Yesterday, we ran a piece in defence of the original Isuzu Piazza or Impulse, the model name depending of your market region. While the Piazza is relatively obscure by now, it’s not the only slightly oddball car in its class. For every Celica, Supra or 240SX, there are a bunch of weirder coupes that either didn’t do well and vanished almost completely, or did well and still vanished. I decided to assemble a comparison of four cars, including three other coupes vaguely in the same ballpark as the Piazza/Impulse, and instead of casting judgement myself, which one would be the best pick.
Here’s the list of contenders. The first to be picked is the Honda (Accord) Aerodeck: a sort of a shooting brake variant of the mid-‘80s Accord. Three doors, pop-up headlights, hatchback, yet for some reason there’s more style than the other same generation three-door hatchback Accord variant with pop-ups had. In any case, it matches the Piazza/Impulse better than well.
In a similar style, there’s also the Volvo 480ES. This was the first front-wheel-drive car to wear Volvo badging, so its engineering is fundamentally different from the Isuzu that can trace its lineage to the Chevy Chevette. But it’s super-’80s, also features pop-up headlights, and comes with the “Failed but classy” tag that was affixed to it at an early point in its life due to electrical trouble and premature rust. The 480ES also had a turbocharged option, though the Renault-related engine palette is hilariously weaksauce: 1.7 non-turbo, 109 hp: 1.7 turbo, 120 hp (!), 2.0 non-turbo, 110hp (!!).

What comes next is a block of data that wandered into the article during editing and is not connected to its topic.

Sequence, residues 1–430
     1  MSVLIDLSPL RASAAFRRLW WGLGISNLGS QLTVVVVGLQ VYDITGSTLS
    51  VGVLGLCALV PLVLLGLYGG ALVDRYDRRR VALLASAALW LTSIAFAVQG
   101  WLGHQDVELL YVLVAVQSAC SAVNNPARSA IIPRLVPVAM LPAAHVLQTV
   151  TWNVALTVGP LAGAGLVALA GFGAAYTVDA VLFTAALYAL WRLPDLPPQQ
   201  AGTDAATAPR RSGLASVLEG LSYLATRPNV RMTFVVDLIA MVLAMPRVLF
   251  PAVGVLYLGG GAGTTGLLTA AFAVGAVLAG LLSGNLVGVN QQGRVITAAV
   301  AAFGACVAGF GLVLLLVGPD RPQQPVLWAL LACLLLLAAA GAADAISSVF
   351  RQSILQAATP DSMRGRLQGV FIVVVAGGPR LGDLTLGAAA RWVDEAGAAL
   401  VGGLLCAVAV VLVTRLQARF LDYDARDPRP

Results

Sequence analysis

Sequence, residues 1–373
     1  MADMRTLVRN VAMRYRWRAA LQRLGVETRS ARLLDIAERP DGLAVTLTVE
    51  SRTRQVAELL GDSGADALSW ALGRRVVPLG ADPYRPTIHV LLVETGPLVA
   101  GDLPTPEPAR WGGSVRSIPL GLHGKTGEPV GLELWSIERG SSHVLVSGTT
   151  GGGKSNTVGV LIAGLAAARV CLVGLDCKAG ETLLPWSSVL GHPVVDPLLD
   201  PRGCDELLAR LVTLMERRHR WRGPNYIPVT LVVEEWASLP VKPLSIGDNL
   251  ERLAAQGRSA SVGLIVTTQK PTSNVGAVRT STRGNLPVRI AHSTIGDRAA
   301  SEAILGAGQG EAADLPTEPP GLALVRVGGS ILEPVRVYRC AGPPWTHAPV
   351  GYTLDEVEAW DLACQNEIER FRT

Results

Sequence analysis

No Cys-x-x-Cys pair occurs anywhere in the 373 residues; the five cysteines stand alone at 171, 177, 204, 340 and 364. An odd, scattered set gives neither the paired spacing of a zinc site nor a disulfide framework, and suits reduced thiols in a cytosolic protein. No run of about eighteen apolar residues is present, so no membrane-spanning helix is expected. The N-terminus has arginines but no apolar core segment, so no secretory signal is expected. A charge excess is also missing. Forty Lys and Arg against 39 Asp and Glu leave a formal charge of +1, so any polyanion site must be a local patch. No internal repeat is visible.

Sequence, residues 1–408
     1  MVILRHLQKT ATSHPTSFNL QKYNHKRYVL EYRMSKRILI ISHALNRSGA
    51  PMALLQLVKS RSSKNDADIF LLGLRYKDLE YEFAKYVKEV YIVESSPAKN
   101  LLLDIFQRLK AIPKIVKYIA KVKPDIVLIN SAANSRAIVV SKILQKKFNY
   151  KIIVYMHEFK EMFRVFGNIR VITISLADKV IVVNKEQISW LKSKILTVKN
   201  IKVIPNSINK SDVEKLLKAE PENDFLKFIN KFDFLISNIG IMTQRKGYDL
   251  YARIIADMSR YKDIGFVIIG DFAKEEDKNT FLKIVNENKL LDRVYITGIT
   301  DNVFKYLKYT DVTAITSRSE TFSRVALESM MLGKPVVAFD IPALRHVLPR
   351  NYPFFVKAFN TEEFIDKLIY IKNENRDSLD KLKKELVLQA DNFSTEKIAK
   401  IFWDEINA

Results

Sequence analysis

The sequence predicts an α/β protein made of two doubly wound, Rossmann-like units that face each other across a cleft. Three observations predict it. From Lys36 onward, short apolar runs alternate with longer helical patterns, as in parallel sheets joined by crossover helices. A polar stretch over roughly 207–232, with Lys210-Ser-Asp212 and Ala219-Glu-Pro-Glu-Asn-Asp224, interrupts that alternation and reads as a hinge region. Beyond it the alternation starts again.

The final contender is the Renault Fuego. The 18-based coupe was also available with a turbo engine like the Isuzu and the Volvo, and like the Isuzu, it was available already in the early half of the 1980s, unlike the Honda and the Volvo. The daintily styled Fuegos were built in the hundreds of thousands, but it’s fair to say a large percentage of those didn’t make it to this side of the millennium thanks to various maladies. But it’s still a very pretty car.
The voting started interestingly, as the Isuzu pulled to an early lead, but the others caught it quite quickly, leaving it in third place and with the Renault trailing far behind. Earlier today, the Volvo had cemented its lead with the Honda taking a clear second place after 153 votes, but the Isuzu and Renault were neck to neck with just minutes left in the voting. Then, the last vote was cast, deciding in favor of the Isuzu, granting it 21% of the total votes and leaving the Renault last with a respectable 19%. The Honda took second place with 27% of the total votes, and the Volvo cruised to a comfortable win with a third of all the votes cast. It’s probably likely this is the first comparison test win the Volvo has claimed in a long time.
Here's some photos to help with the decision-making.
— Antti Kautonen (@julkinen)
What would I pick? The Honda is likely to be the most reliable, but rust has eaten up many of them. The Volvo has all of the rust, too, but less stellar reliability – but it can be considered the better-looking design of the two. The Isuzu also scores high on style, but the powertrain would probably drag it down, and the Renault, while comfy, can be the most brittle of the four. Naturally, the logical answer is to pick all of them, as they’re all still so unloved/unnoticed that it only takes new-ish commuter car money to decorate your garage with decent examples of each, instead of being the kind of boring dullard that spends all that money on just one car.
That brings us to an interesting closing question. Is there a market that got all of these cars at the same time? Finns did get the Honda, Volvo and Renault, but no Isuzu; U.S. buyers got the others but not the Volvo, despite earlier intentions of the manufacturer. Perhaps the sole market to cater for all these needs might have been the UK. If anyone knows, comment!